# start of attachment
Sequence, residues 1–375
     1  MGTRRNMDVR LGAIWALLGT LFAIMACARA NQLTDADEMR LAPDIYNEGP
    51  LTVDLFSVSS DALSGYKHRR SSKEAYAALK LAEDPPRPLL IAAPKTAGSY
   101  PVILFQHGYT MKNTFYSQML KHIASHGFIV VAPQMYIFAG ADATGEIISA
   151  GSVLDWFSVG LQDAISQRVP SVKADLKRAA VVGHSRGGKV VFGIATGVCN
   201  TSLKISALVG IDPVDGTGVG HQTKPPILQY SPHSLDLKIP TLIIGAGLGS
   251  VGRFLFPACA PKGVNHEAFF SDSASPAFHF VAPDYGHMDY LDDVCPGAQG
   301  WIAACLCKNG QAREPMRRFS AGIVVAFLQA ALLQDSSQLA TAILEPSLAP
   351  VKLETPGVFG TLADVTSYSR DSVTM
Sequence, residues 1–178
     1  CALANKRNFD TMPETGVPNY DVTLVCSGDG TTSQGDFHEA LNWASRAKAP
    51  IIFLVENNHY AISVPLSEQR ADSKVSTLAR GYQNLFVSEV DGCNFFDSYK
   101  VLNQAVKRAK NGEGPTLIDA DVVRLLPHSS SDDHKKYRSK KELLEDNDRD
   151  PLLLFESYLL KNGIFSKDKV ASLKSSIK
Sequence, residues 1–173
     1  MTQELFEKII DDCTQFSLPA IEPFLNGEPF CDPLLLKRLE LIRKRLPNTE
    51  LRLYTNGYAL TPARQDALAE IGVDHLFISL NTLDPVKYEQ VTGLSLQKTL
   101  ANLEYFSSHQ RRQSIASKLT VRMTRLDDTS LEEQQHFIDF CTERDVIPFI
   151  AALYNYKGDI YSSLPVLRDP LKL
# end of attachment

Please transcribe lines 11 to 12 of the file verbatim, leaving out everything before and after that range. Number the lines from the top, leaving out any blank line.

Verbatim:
     1  CALANKRNFD TMPETGVPNY DVTLVCSGDG TTSQGDFHEA LNWASRAKAP
    51  IIFLVENNHY AISVPLSEQR ADSKVSTLAR GYQNLFVSEV DGCNFFDSYK